See https://www.jfrog.com/confluence/display/CLI/JFrog+CLI for different authentication mechanisms that can be used.
jfrog version 1.30.4
Command syntax, such as:
View command help by the CLI alone:
NAME: jfrog - See https://github.com/jfrog/jfrog-cli-go for usage instructions. USAGE: jfrog [global options] command [command options] [arguments...] VERSION: 1.30.4 COMMANDS: rt Artifactory commands bt Bintray commands mc Mission Control commands xr Xray commands completion Generate autocomplete scripts help, h Shows a list of commands or help for one command GLOBAL OPTIONS: --help, -h show help --version, -v print the version Environment Variables: JFROG_CLI_LOG_LEVEL [Default: INFO] This variable determines the log level of the JFrog CLI. Possible values are: INFO, ERROR, and DEBUG. If set to ERROR, JFrog CLI logs error messages only. It is useful when you wish to read or parse the JFrog CLI output and do not want any other information logged. JFROG_CLI_OFFER_CONFIG [Default: true] If true, JFrog CLI prompts for product server details and saves them in its config file. To avoid having automation scripts interrupted, set this value to false, and instead, provide product server details using the config command. JFROG_CLI_HOME_DIR [Default: ~/.jfrog] Defines the JFrog CLI home directory path. JFROG_CLI_TEMP_DIR [Default: The operating system's temp directory] Defines the temp directory used by JFrog CLI. JFROG_CLI_BUILD_NAME Build name to be used by commands which expect a build name, unless sent as a command argument or option. JFROG_CLI_BUILD_NUMBER Build number to be used by commands which expect a build number, unless sent as a command argument or option. JFROG_CLI_BUILD_URL Sets the CI server build URL in the build-info. The "jfrog rt build-publish" command uses the value of this environment variable, unless the --build-url command option is sent. JFROG_CLI_ENV_EXCLUDE [Default: *password*;*secret*;*key*;*token*] List of case insensitive patterns in the form of "value1;value2;...". Environment variables match those patterns will be excluded. This environment variable is used by the "jfrog rt build-publish" command, in case the --env-exclude command option is not sent. CI [Default: false] If true, disables progress bar on the supporting commands.
Edit your ~/.bash_profile to define environment variables to configure.
Alternately, be prompted:
jfrog rt ping --url=http://my-rt-server.com/artifactory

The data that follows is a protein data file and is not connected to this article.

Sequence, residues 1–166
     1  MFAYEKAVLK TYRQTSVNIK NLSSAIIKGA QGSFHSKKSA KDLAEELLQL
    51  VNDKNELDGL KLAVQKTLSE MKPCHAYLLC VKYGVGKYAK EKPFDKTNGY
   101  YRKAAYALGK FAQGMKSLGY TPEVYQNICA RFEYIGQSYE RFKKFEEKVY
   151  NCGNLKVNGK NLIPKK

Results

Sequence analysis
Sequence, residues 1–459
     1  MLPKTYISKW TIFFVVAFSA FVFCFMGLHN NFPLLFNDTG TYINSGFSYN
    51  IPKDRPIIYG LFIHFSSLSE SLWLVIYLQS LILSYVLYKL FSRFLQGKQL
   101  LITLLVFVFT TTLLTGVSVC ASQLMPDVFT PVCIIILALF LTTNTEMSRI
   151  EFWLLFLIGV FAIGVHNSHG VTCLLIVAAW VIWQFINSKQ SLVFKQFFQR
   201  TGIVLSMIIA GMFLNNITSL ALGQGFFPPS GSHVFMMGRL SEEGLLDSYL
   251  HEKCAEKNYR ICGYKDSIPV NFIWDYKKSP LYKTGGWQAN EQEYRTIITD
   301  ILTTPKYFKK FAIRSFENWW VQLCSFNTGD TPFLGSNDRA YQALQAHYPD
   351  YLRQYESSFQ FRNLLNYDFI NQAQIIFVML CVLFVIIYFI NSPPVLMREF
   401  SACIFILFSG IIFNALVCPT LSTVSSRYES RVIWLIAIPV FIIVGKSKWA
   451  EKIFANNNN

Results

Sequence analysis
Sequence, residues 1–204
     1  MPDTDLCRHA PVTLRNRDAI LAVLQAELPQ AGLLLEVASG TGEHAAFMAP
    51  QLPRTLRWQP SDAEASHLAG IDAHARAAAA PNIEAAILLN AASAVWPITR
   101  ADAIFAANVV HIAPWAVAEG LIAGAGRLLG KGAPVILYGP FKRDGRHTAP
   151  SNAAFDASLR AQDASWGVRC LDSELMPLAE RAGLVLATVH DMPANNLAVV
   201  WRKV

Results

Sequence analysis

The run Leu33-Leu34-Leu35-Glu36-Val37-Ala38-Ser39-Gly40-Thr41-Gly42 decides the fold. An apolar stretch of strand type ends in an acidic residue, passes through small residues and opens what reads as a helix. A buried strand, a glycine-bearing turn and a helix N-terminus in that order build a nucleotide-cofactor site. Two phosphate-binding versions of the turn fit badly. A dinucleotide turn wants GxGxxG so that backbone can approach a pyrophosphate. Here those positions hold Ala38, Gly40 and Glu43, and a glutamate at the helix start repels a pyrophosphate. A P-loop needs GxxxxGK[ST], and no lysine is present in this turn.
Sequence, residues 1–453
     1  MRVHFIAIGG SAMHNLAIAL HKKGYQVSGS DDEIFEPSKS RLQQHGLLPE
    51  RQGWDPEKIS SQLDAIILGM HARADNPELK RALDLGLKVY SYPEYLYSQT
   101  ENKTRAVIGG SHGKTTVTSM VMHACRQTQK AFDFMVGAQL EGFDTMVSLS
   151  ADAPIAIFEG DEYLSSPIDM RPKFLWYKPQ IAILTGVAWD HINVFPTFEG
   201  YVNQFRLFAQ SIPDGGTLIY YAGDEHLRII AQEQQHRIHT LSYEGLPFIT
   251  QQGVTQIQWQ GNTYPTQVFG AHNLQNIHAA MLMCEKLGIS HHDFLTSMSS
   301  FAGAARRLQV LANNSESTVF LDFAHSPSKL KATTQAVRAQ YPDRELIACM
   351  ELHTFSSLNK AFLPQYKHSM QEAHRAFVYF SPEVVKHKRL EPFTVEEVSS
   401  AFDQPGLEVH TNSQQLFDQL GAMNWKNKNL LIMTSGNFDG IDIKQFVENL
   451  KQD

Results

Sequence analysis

To avoid this message in the future, set the JFROG_CLI_OFFER_CONFIG environment variable to false. The CLI commands require the Artifactory URL and authentication details Configuring JFrog CLI with these parameters now will save you having to include them as command options. You can also configure these parameters later using the 'config' command. Configure now? (y/n):
Add jfrog repository:
helm repo add jfrog https://charts.jfrog.io
Install helm chart:
helm install jfrog/artifactory-ha –version 1.1.9
Regular server start-up
artifactory.sh starts the server on Linux machines.
artifactory.bat starts the server on Windows machines.
Access and Authentication
Role-based authorization with teams and permissions
Active Directory, Atlassian Crowd and JIRA, OAuth (multiple providers)
Licensed versions can use SSO integration for NTLM, Kerberos, Etc.
Focused Email Notifications for Artifact Changes
Alternately, install using Docker on CentOS
Integrating JFrog Artifactory with AWS CodePipeline by Erin McGill | on 24 MAY 2018
Artifactory can be used to create a hybrid solution by being a repository to bridge between Google Cloud Platform (GCP) and Google Kubernetes Engine (GKE)CI/CD pipeline on-prem, called Cloud Pro X.
Deploying JFrog Artifactory SaaS on Google Cloud Platform by JFrog Solutions Engineers Doron Meirfeld and Mansirman Singh
Migration from Docker Registry
https://github.com/jfrog/docker2artifactory to transition from V2 Docker registries to JFrog Artifactory. by Arturo Aparicio in San Jose, California.
User actions on sample repositories
All editions can search by Name, Archive, Property or Checksum values.